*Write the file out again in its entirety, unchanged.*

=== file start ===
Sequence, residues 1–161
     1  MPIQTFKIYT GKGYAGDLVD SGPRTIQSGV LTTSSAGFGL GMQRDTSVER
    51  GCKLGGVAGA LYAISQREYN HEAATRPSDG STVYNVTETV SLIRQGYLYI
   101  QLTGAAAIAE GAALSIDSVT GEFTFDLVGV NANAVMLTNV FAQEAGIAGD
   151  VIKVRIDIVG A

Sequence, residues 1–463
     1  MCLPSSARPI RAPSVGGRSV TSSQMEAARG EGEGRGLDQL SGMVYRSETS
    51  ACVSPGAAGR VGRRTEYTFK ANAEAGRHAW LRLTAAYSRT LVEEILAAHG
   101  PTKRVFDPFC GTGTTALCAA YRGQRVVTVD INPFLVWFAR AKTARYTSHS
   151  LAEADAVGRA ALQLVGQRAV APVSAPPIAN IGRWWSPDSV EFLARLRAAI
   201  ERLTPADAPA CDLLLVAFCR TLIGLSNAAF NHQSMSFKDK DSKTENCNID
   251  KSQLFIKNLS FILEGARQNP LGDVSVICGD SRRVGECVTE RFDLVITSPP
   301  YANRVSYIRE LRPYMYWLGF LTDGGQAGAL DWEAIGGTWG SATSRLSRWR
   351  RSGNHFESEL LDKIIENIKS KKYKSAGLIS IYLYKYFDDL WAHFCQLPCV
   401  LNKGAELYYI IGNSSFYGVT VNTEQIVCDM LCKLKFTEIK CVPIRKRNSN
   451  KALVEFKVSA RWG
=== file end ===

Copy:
Sequence, residues 1–161
     1  MPIQTFKIYT GKGYAGDLVD SGPRTIQSGV LTTSSAGFGL GMQRDTSVER
    51  GCKLGGVAGA LYAISQREYN HEAATRPSDG STVYNVTETV SLIRQGYLYI
   101  QLTGAAAIAE GAALSIDSVT GEFTFDLVGV NANAVMLTNV FAQEAGIAGD
   151  VIKVRIDIVG A

Sequence, residues 1–463
     1  MCLPSSARPI RAPSVGGRSV TSSQMEAARG EGEGRGLDQL SGMVYRSETS
    51  ACVSPGAAGR VGRRTEYTFK ANAEAGRHAW LRLTAAYSRT LVEEILAAHG
   101  PTKRVFDPFC GTGTTALCAA YRGQRVVTVD INPFLVWFAR AKTARYTSHS
   151  LAEADAVGRA ALQLVGQRAV APVSAPPIAN IGRWWSPDSV EFLARLRAAI
   201  ERLTPADAPA CDLLLVAFCR TLIGLSNAAF NHQSMSFKDK DSKTENCNID
   251  KSQLFIKNLS FILEGARQNP LGDVSVICGD SRRVGECVTE RFDLVITSPP
   301  YANRVSYIRE LRPYMYWLGF LTDGGQAGAL DWEAIGGTWG SATSRLSRWR
   351  RSGNHFESEL LDKIIENIKS KKYKSAGLIS IYLYKYFDDL WAHFCQLPCV
   401  LNKGAELYYI IGNSSFYGVT VNTEQIVCDM LCKLKFTEIK CVPIRKRNSN
   451  KALVEFKVSA RWG